I didn't enjoy it as much as The Graveyard Book. However, it was creepy and interesting look at how a child would deal with creepiness. It's good if you like Gaiman.
It's bad fan fuction. I'm getting from the other reviews that this is not the best book of the series to start out with and maybe I'd have more apreciation for the relationship of senior Sherlock and his child bride if I'd read the others... But Holmes's child bride helping him find his previously unknown granddaughter? That's the stuff of bad fan fiction. It may be "to be continued" but I won't be continuing.
Patterson has a bad habit of telling the same story over again in multiple books. This isn't a story he's told before, or at least not in my memory. I figured out the twist relatively quickly but I enjoyed watching the protagonist work it out.
This is a solid effort especially for RNP fans and not as political as some of his books tend to get.
There was no mystery here. You know all of the big reveals a long time before they are revealed to any of the pertinent characters. And each one of these reveals are made in first person confessions. It is all told rather than shown.
I felt like all of the action in this book was people thinking about their crimes or their planned crimes rather than seeing them doing anything. It left very little room for intrigue.
If you like soapy storylines with lots of twists and turns and baby daddy drama, this one is for you. If you tend to eye roll at that sort of thing skip it. I think this would have made a better read than listen because the narrator was distracting.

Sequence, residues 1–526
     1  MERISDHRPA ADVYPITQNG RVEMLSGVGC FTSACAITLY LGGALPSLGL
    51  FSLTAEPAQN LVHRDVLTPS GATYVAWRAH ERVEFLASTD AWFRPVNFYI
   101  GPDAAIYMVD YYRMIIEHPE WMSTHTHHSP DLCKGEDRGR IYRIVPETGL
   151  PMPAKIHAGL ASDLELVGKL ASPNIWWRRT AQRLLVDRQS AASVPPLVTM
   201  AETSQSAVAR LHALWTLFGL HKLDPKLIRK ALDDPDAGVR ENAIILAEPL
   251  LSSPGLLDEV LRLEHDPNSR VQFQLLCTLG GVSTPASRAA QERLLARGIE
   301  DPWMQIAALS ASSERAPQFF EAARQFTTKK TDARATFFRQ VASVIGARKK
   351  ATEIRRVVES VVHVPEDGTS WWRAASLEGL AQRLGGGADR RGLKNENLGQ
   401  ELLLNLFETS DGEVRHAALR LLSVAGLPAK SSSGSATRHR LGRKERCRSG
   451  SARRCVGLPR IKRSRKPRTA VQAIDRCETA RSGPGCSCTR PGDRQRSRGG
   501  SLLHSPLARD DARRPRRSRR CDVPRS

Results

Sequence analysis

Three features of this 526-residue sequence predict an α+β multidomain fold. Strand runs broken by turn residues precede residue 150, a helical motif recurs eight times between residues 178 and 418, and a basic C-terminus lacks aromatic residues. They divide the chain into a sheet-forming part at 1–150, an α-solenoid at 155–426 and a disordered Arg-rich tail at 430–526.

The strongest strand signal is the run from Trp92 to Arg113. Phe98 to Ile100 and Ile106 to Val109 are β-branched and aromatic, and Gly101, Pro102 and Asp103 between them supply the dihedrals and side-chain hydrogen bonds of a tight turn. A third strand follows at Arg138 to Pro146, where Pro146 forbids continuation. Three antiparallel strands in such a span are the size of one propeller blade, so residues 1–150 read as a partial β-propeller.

Anette Gordon-Reed's book is a long and well researched work. Parts of it are very informative. However, she puts a lot of thoughts into her characters heads which may be fine when talking about Jefferson or Martha Jefferson Randolph who left many many many letters to be poured over and analyzed.
The Hemmingses have no such record and while I didn't always disagree with her assumption about what they were thinking and feeling I did often think it was pretty presumptuous. I don't profess to know the thoughts of people in complex living situations who are living today... much less ones living 200 hears ago.
Coben fans will enjoy another of his twisty mysteries. This is not a Myron Bolitar novel but it does feature a few crossover scenes with Win and brief mentions of other Cobenverse regulars.
For non Coben fans it's a quick read/listen mystery filled with twists and turns and unique characters. It's a good listen.
I like the book. I like the look at the Civil War period from the perspective of the slave. I like the richness of the characters.
I thought the narration was well done except for the three occasions where German characters are being narrated. The narrator has an odd accent for them. It sounds more Jamaican than German.
It's a very small part of the book so I can't say it had a lot of impact on my enjoyment but it was odd each time and if you are a stickler for accents it might be best to avoid it.
I wasn't expecting a book this dark from Jasper Fforde. The characters were interesting. The post apoctolypitic world was intriguing and I honestly eagerly anticipate another book in this series. But the darkness caught me off guard and it wasn't what I was looking for when I picked up the book.
If you are expecting a less silly book than I think it's easily a four star book.
I loved the narration of this book. I can see how some people would find it dull but I was interested in all three stories going on within this books. It's a slow moving work but that is because you get wrapped up in so many facets of peoples lives.
It wasn't my favorite of the Thursday Next novels. It wasn't my least favorite. If you are unfamiliar with the series you should start with The Eyre Affair. If you already know and love the Next series Fforde doesn't disappoint here.
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